Sunday, October 8, 2017

And already a new one to add: Long-horned casemaker, Oecetis avara

While going through some vials I had tucked away in my lab, I just found this little larva (5mm).  I knew right away that it was a long-horned caddisfly -- the length of the hind legs tells us that much -- but the case is one that I don't remember seeing before.

Hmm... time to look at our key.  (p. 356)

141 Maxillary palpi extending far beyond labrum; mandibles long and blade-like with sharp apical tooth separated from remainder of teeth; cases of various types and materials....Oecetis

Oecetis for sure.

On to the species. (p. 370)

171  Dorsal hump of abdominal segment 1 with 4-6 rows of micro-hooks on each side....Oecetis (Pseudosetodes) avara

171' Dorsal hump of abdominal segment 1 without micro-hooks..... 172

Have a look.

If only every ID were so easy!  Oecetis avara.  Just for fun, I thought I'd look at Steve Beaty's description as well.  ("The Trichoptera of North Carolina," p. 92)

O. avara -- larvae 6.5-9 mm; dorsal hump with 4-6 rows of conspicuous micro-hooks on each side.  Case of sand, tapered, an curved in early instars.  Lotic.  Uncommon in the Mountains and Sandhills.

Well, the key feature -- the rows of micro-hooks -- is exactly the same, but our larva is quite a bit smaller, and our case is clearly not made of sand.  The size can be explained -- our larva is possibly immature.  As for the case...hmm... could it be that even though our larva is still pretty small, it no longer lives in the type of case used by "early instars"?  That's the only way that I can explain it.

I'm disappointed that I don't seem to have a live photo of this larva.  There are two possibilities for why that is so.  1) I had put this case into a vial before I saw what it was (trust me, I've done it!), and 2) it's a larva that's been in my possession from the time that I still worked with StreamWatch 7 long years ago.  In any event, the ID is certain, and it's certain that it was found in some local stream.  I've added it to our list of EPT species.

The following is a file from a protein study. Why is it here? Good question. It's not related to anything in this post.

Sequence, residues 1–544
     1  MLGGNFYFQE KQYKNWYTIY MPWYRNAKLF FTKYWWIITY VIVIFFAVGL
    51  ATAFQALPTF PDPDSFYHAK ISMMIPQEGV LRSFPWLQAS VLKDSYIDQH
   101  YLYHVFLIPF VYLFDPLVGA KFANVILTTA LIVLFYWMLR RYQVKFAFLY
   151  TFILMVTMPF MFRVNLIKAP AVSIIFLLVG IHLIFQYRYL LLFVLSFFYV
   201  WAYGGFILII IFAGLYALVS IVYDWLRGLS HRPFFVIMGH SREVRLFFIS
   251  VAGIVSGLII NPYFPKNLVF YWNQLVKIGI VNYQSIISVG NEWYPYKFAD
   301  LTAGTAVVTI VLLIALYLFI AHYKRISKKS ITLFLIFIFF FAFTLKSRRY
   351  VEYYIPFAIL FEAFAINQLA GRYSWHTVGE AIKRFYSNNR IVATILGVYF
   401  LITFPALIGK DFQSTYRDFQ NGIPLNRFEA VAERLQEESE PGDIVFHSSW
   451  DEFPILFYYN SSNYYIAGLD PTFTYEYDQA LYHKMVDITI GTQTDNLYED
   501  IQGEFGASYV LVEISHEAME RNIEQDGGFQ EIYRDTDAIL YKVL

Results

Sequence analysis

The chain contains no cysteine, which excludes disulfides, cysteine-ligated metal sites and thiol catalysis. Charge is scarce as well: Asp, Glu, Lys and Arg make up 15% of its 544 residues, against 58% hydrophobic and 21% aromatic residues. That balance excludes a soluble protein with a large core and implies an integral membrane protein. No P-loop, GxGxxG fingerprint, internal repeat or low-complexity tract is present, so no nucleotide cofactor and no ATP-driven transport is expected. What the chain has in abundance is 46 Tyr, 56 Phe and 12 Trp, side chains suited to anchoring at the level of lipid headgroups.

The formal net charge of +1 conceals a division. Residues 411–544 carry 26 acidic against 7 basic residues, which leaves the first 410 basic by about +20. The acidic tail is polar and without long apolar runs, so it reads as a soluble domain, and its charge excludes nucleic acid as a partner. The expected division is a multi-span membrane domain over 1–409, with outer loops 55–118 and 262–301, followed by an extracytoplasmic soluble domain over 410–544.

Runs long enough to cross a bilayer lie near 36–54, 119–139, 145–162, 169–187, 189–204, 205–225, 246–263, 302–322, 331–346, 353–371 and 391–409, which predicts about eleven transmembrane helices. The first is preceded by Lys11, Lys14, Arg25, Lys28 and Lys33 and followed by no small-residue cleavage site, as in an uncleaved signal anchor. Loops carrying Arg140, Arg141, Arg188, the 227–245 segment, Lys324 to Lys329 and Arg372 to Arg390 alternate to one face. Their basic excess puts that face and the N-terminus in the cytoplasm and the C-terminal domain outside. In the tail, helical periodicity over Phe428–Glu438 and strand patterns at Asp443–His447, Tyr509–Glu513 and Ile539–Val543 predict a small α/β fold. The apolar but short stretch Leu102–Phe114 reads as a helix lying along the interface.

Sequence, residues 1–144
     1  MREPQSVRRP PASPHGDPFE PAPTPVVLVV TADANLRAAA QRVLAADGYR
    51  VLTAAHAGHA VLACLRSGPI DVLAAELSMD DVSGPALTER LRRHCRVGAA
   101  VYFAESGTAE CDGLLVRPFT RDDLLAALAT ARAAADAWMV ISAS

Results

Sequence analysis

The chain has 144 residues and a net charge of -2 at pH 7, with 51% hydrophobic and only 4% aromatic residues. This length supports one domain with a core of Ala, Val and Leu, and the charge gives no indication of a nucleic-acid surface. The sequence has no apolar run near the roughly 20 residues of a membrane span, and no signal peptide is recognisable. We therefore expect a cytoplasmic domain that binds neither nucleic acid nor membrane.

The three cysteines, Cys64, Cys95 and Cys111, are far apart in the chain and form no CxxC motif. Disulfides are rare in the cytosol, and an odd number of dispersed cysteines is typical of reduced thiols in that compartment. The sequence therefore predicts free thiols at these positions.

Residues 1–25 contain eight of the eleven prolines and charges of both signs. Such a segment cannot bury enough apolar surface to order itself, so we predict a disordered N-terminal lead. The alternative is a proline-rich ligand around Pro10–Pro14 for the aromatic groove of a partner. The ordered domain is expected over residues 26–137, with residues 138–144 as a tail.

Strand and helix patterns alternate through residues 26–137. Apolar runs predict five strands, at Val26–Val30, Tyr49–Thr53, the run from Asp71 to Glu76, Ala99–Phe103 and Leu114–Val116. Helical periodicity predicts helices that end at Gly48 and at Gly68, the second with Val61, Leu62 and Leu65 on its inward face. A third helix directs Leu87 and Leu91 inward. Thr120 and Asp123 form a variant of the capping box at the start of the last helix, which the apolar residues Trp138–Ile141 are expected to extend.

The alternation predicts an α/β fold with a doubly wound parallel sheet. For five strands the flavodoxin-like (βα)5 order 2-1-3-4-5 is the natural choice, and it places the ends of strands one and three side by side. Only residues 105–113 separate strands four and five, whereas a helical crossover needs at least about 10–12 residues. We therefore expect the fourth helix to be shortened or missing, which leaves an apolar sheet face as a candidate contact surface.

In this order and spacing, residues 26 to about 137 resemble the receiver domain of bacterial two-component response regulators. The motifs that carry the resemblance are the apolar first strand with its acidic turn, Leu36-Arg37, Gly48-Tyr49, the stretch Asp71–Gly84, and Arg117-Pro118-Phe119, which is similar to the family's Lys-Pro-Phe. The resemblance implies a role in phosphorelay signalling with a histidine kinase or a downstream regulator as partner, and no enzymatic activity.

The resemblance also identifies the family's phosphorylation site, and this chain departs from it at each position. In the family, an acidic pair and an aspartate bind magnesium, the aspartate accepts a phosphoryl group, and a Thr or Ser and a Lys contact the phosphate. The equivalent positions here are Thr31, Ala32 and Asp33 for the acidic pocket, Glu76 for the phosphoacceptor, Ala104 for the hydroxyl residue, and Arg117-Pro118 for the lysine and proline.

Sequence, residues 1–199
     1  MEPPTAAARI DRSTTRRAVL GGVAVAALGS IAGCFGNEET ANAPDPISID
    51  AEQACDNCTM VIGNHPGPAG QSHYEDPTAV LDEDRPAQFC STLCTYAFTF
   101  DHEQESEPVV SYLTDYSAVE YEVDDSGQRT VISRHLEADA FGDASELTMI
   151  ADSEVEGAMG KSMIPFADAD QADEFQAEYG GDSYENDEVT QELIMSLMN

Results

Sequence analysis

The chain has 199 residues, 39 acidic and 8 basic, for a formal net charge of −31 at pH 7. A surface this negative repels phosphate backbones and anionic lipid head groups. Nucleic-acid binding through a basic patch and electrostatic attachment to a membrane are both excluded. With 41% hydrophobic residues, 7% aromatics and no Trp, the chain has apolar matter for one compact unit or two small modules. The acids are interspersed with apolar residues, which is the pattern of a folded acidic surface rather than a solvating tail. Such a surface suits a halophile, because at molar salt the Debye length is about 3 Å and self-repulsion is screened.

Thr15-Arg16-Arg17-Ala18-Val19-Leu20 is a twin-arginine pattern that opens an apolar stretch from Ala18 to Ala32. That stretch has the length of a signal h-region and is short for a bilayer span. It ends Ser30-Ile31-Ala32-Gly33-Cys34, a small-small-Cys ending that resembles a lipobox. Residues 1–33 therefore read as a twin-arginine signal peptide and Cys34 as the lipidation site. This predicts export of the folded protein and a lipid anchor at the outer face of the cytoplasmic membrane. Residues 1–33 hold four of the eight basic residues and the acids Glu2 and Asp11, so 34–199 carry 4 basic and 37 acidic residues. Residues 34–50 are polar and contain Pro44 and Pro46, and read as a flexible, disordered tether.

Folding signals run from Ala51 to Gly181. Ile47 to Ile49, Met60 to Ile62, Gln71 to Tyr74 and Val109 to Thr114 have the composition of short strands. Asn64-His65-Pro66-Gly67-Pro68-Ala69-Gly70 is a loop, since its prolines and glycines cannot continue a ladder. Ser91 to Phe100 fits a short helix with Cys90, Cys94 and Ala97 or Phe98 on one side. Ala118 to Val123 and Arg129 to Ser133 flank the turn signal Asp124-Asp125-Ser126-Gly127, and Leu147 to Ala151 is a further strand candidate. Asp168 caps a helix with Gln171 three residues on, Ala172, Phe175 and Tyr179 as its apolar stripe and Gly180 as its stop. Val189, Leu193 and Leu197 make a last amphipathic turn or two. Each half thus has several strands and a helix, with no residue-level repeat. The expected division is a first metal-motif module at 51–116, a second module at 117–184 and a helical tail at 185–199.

Additional notes:
Since writing this entry this morning, I've done some additional work, looking at Roger Rohrbeck's website, Pacific Northwest Caddisflies (  Two things.  1) On the case he comments: "case curved cones made of rock fragments and sand, or pieces of plant or twigs. (emphasis added by me.)  And at another location (,  he shows a case for Oecetis that is exactly like the one that I found in my vial.
Also,  let me quote from Wiggins (Larvae of the North American Caddisfly Genera, 1st edition (1977), p. 172): "Larval cases of Oecetis species are varied in both form and materials: small fragments of rock often combined with bark or leaves; and short lengths of stems and twigs placed transversely."  No longer see our case as a problem.

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